Lower IQ is Associated with Decreased Clinical Response to Atomoxetine in Children and Adolescents with Attention-Deficit Hyperactivity Disorder
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Objectives: Atomoxetine is commonly used to treat attention-deficit hyperactivity disorder (ADHD) in children with a broad range of cognitive abilities. We examined the association between level of cognitive functioning as determined by IQ and clinical response during treatment with atomoxetine.
Methods: The records of all the children and adolescents treated with atomoxetine at a university clinic in Catania, Italy, over a 3-year period were examined. A total of 55 clinically referred children and adolescents (aged 5–15 years, 53 males) with ADHD were treated with atomoxetine (10–110mg/day; mean: 1.28 mg/kg/day) for a period ranging from 2 to 168 weeks (mean: 57.3±SD 39.4, median: 56). The IQ was assessed as part of the diagnostic evaluation prior to starting treatment. During treatment, clinical outcome was rated on the Clinical Global Impression-Improvement (CGI-I) and CGI-Severity (CGI-S) scales.
Results: The IQ ranged from 43 to 117 (mean: 80.6 ± SD 18.6, median: 84). The IQ and final CGI-I scores were negatively correlated (r=−0.68; p<0.01). Children and adolescents with an IQ <85 were less likely to be responders (defined as a final CGI-I score of 1 or 2) than children and adolescents with an IQ ≥85 (20.71% vs 76.9%; p< 0.001). None of the patients discontinued atomoxetine due to adverse effects, while treatment was discontinued in 20 subjects due to a lack of efficacy or ambivalence of parents about pharmacological treatment.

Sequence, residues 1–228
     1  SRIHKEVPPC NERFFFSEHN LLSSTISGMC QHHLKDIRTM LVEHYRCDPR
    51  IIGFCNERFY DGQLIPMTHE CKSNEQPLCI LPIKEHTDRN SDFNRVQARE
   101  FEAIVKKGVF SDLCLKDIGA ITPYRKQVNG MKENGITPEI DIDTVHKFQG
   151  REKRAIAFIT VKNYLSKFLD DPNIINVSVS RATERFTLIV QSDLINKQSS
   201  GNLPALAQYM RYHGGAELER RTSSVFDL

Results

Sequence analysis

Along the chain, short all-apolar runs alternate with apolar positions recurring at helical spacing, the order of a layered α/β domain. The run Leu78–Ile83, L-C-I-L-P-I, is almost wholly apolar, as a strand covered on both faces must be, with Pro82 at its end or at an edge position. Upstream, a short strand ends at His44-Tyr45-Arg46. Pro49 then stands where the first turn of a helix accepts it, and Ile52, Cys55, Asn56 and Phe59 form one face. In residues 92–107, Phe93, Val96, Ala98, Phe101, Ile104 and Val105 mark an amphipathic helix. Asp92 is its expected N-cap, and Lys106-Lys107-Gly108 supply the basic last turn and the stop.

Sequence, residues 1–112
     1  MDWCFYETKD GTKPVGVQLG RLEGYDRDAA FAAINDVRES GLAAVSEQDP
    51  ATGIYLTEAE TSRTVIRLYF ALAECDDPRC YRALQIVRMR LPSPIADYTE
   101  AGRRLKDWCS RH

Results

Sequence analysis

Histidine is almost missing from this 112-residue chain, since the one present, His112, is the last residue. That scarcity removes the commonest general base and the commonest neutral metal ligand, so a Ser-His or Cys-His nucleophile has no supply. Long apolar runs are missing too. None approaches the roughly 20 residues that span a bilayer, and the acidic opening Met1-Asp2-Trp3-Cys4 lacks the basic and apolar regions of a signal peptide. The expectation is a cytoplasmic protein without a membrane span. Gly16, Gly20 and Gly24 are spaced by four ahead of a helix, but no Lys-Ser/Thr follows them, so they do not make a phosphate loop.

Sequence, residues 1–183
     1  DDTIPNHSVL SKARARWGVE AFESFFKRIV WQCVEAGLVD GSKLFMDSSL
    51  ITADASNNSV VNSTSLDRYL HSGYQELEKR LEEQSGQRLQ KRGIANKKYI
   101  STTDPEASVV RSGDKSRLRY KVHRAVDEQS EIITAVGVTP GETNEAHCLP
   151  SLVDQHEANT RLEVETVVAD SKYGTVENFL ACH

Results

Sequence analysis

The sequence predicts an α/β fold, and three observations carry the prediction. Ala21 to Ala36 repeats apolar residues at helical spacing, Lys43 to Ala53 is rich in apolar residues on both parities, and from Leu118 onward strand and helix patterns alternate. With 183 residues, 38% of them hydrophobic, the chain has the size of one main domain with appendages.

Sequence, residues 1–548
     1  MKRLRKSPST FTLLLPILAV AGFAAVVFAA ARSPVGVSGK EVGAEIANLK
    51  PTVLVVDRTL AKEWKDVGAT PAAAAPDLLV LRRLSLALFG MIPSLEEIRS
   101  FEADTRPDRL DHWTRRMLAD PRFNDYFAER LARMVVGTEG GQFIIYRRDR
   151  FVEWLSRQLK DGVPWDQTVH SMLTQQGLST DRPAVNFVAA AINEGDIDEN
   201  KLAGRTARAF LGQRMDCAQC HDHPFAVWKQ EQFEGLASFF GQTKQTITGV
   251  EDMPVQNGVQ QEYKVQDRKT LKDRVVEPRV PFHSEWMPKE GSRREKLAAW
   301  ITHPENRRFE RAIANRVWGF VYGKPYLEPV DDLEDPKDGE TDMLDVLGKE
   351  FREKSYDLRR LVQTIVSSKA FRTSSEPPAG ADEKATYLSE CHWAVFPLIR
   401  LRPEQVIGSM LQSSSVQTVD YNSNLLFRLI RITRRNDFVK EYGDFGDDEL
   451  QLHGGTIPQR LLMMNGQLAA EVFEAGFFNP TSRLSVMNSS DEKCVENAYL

Conclusions: Atomoxetine appears to be less effective in children and adolescents with an IQ <85 than in children and adolescents in the average range of cognitive functioning. This difference is not accounted for by differences in the severity of ADHD symptoms, co-morbidity or reduced tolerability to the medication. These findings suggest that, in order to be fully informative, clinical trials of medications for ADHD should also include children and adolescents functioning in the borderline and cognitive disability range.
KeywordsAutism Spectrum Disorder Methylphenidate Oppositional Defiant Disorder ADHD Symptom Intellectual Disability
Luigi Mazzone and Laura Reale contributed equally to this work in terms of realization of the study, data analysis and paper writing. Valeria Mannino and Mariadonatella Cocuzza collected the data, and Benedetto Vitiello contributed to the design of the study, supervised statistical analysis and helped in the theoretical interpretation of the results. This study was funded by the Division of Child Neurology and Psychiatry of the University of Catania, Catania, Italy. Dr Mannino received educational travel funds by Eli Lilly. The other authors (LM, LR, BV) have no relevant financial disclosures.
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